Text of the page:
It Was Not My Fault Then. In Future, It Will Be
I almost also caused the death of my own son when we went skiing. I reproduce here the words from a 2009 blogpost - HERE. "I looked at my brave little son who maintained a stoic silence even as his eyes panicked and ran screaming down a dark tunnel with no end. The Husband and I searched for a sign post and fumbled with frozen fingers for our mobile phones. I started to look around for a cave and I vaguely remembered that one could survive the cold by digging a hole to bury ourselves in. It was dark and our fingers were so numb that the mobile phones could not be found. My heart screamed again and again, in the great white silence and I felt sorry for my Little Boy who trusted in me and The Husband to keep him safe and we had not done so."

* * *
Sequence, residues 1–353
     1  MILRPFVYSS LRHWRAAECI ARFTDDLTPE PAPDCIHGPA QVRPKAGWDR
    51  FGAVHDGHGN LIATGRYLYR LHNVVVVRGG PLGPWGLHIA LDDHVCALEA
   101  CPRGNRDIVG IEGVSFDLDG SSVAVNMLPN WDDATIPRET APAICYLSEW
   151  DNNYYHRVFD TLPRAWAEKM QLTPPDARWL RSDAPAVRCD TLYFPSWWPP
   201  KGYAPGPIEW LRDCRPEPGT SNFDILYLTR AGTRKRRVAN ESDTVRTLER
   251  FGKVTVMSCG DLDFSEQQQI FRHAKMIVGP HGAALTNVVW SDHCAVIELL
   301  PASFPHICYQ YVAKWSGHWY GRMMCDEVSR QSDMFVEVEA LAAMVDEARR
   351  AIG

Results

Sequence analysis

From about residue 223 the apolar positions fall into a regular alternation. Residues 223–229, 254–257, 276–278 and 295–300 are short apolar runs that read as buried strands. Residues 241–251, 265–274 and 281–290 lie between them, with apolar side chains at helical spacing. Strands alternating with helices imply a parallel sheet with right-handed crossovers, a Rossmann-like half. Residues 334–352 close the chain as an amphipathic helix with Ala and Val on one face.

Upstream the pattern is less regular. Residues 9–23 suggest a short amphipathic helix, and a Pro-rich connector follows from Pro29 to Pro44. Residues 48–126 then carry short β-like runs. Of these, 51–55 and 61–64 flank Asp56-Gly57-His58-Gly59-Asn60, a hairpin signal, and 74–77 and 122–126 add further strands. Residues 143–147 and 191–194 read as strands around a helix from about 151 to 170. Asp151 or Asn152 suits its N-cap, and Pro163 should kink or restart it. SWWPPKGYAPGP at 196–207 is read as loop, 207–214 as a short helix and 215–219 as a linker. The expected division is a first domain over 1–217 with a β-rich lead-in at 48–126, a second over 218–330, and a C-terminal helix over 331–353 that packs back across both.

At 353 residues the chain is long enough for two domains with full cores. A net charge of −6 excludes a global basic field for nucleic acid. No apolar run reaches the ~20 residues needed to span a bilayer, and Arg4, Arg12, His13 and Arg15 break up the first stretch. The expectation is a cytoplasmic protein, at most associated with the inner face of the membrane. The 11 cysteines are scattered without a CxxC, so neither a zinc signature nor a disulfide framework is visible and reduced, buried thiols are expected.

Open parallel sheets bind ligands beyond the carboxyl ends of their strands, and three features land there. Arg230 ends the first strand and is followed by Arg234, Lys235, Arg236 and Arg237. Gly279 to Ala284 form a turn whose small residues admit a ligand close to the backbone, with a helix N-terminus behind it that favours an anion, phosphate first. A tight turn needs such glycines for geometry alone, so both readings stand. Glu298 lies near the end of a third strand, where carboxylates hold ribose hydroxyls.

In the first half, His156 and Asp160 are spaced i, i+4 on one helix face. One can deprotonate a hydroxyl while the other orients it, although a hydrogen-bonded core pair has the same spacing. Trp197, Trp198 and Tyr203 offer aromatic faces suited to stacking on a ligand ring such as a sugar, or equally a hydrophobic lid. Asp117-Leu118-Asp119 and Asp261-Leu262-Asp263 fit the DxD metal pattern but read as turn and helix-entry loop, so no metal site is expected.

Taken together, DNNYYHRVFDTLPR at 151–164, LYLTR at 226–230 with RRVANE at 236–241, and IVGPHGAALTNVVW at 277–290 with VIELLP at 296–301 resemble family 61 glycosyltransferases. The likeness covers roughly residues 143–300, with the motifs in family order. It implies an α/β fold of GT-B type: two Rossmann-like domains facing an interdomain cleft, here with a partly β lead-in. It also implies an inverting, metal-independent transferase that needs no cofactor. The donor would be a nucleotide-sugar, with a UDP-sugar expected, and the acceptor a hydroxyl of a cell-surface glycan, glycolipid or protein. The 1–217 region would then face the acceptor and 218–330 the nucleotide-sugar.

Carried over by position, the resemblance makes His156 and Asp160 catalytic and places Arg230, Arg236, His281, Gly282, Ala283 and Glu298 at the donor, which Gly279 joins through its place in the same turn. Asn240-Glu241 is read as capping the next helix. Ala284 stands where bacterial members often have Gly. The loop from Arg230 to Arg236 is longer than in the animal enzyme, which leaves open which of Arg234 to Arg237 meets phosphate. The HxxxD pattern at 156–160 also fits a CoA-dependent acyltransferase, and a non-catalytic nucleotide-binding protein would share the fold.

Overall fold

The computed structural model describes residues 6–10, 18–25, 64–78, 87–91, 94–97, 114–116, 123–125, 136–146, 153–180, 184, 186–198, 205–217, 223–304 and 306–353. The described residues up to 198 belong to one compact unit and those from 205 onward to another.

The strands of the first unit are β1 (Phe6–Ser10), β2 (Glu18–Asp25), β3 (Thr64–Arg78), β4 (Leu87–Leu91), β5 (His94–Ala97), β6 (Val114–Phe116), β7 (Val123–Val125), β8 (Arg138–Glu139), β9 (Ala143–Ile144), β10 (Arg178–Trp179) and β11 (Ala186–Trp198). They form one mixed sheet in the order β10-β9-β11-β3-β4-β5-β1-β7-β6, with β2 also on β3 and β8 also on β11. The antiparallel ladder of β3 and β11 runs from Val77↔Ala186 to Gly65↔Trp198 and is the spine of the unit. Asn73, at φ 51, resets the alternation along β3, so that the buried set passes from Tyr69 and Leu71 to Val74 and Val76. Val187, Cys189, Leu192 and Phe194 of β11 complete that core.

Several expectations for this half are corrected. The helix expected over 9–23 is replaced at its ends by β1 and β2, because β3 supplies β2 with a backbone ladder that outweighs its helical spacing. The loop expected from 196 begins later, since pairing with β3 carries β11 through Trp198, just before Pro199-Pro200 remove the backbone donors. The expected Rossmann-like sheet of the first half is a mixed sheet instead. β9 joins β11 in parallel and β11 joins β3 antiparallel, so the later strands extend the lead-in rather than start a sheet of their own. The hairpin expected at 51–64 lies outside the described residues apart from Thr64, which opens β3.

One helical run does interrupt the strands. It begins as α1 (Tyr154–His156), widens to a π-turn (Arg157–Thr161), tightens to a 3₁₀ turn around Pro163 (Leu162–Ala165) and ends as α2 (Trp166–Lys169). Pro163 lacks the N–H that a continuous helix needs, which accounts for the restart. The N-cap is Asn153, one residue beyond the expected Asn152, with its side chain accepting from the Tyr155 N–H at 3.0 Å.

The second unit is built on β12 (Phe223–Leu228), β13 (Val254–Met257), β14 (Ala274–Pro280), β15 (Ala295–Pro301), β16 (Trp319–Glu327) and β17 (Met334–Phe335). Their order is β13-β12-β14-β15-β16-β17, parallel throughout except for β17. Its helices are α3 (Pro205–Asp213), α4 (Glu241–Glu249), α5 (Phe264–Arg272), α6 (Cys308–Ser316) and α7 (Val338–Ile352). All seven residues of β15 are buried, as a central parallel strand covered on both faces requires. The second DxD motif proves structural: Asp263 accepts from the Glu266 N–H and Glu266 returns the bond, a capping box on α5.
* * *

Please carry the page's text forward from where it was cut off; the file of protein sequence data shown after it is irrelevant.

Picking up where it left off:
Up in the Alps in 2009, fate caught me out. It was not my fault even though I blamed myself for months after for having placed my own children in danger. If I allowed fate to catch me out AGAIN in the exact same circumstances, without extra precaution of any sort, then it will be my fault. I may still decide to go skiing again, but I will do it differently.
If fate caught Singapore out once, it is fate's fault. If fate catches Singapore out again, then we really will be at fault.